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"ACA's journal, Arms Control Today, remains the best in the market. Well focused. Solidly researched. Prudent."

– Hans Blix
Former IAEA Director-General
Julia Masterson

Iran Boosts Enriched Uranium Stockpile


April 2020
By Julia Masterson

Iran has accumulated approximately 1,021 kilograms of low-enriched uranium (LEU), the International Atomic Energy Agency (IAEA) detailed in a report released March 3. The report notes that Iran is continuing to expand its uranium-enrichment program and is now accumulating enriched material from all 1,044 first-generation IR-1 centrifuge machines at its Fordow facility and from 5,060 IR-1s and a limited number of advanced model machines at its Natanz facility.

IAEA Director-General Rafael Grossi speaks to the media on March 9. He told the agency's Board of Governors the same day that Iran has continued to allow the IAEA to conduct its activities defined by the 2015 nuclear deal. (Photo: Dean Calma/IAEA)Under the 2015 nuclear deal, known formally as the Joint Comprehensive Plan of Action (JCPOA), Iran’s LEU stockpile is capped at 300 kilograms of uranium hexafluoride gas enriched to 3.67 percent uranium-235 and is limited to output from 5,060 IR-1 centrifuges at Natanz. Three hundred kilograms of uranium hexafluoride gas equates to about 202 kilograms of uranium by weight.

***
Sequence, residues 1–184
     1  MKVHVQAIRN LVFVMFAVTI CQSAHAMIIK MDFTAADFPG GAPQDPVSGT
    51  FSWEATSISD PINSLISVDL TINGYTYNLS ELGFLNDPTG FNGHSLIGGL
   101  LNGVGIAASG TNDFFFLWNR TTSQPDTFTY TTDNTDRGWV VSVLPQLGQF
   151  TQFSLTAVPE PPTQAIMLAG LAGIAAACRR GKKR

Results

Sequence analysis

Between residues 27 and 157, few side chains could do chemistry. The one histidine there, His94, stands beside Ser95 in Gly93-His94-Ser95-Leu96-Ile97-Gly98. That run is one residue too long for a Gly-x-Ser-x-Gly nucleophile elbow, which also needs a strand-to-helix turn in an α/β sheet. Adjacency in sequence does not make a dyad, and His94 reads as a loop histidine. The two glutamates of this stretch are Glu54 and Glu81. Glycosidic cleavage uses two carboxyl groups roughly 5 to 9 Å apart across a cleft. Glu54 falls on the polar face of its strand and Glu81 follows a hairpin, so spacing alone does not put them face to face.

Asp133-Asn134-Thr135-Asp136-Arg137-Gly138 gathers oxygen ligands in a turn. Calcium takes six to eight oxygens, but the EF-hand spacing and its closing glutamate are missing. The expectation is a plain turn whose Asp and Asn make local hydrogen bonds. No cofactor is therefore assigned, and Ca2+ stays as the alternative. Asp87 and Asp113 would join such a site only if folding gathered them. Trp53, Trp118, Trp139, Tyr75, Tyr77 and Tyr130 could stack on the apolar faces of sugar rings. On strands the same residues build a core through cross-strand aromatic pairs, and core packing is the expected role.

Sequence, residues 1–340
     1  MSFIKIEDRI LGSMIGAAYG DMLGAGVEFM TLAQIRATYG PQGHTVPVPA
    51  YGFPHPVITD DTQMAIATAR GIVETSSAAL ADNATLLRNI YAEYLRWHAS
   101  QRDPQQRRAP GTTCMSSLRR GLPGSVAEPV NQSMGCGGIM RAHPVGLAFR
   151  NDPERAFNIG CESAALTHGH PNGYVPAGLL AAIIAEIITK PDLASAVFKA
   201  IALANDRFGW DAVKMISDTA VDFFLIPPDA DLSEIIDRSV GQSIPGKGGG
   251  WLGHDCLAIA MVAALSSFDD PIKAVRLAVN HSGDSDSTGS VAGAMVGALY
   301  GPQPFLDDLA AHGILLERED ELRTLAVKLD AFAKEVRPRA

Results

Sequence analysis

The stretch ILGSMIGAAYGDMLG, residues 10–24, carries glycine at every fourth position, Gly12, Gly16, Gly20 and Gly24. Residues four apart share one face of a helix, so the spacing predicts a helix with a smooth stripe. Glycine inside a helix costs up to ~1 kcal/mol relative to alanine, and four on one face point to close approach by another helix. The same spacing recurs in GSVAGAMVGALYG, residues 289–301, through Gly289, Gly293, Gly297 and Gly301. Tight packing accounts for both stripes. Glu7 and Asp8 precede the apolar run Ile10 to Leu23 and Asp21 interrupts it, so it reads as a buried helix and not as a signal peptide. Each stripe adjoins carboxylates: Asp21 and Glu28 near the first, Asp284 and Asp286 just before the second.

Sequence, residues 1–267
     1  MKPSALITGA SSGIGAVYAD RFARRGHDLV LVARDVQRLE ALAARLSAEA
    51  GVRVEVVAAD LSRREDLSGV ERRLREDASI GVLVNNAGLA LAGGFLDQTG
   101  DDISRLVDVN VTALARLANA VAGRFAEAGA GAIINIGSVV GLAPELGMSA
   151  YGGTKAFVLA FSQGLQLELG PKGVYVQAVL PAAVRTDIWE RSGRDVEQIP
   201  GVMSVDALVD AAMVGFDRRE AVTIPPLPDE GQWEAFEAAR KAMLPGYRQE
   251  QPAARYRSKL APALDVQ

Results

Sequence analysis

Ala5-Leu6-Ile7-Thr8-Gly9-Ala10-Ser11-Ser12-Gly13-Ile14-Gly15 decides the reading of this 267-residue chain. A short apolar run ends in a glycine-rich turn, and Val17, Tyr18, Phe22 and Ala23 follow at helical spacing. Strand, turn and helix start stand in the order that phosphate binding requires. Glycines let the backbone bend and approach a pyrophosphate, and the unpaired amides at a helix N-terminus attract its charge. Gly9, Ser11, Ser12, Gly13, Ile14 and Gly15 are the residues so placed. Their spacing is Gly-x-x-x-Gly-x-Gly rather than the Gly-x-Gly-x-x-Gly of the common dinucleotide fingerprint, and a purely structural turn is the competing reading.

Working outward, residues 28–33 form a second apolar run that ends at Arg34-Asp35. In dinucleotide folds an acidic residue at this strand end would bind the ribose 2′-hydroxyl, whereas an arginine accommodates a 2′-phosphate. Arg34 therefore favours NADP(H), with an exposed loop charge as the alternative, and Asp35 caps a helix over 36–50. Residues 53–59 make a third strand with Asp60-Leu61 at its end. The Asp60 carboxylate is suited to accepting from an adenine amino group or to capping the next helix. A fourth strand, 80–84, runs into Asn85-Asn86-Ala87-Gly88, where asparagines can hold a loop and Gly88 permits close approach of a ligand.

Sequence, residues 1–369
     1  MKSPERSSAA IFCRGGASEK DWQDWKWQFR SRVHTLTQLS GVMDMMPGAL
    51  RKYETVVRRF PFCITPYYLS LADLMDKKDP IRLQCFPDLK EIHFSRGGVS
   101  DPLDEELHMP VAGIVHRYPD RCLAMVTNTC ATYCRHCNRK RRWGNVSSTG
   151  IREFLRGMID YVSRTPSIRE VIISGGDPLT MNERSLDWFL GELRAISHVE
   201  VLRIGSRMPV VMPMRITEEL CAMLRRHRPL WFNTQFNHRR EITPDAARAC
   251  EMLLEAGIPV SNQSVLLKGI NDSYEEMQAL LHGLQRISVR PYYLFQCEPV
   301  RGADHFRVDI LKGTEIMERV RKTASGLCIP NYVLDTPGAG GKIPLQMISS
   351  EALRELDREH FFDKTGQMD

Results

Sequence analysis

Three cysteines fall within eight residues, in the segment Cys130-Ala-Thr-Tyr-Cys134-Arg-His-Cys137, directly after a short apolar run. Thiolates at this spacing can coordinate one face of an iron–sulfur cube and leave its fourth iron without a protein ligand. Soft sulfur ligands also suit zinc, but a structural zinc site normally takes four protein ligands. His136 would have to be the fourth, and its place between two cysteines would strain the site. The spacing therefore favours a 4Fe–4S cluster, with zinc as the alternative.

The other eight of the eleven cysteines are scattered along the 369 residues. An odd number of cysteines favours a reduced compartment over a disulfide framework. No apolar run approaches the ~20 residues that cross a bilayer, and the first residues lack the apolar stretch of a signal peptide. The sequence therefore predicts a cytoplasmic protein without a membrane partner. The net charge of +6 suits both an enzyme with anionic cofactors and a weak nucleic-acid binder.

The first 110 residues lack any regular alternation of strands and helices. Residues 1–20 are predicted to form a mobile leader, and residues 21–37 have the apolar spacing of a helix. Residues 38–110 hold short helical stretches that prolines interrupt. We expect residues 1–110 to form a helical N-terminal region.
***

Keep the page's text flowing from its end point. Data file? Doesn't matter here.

Iran’s enriched uranium stockpile is now about five times larger than the JCPOA limit. The stockpile’s size shortens Iran’s breakout time, the time it would take to produce enough nuclear material for one weapon, if Tehran were to choose to pursue nuclear weapons development. How quickly Iran could produce enough fissile material for a weapon depends on several factors, including the number and type of operating centrifuges. When the JCPOA was fully implemented, Iran’s breakout time was estimated to be 12 months.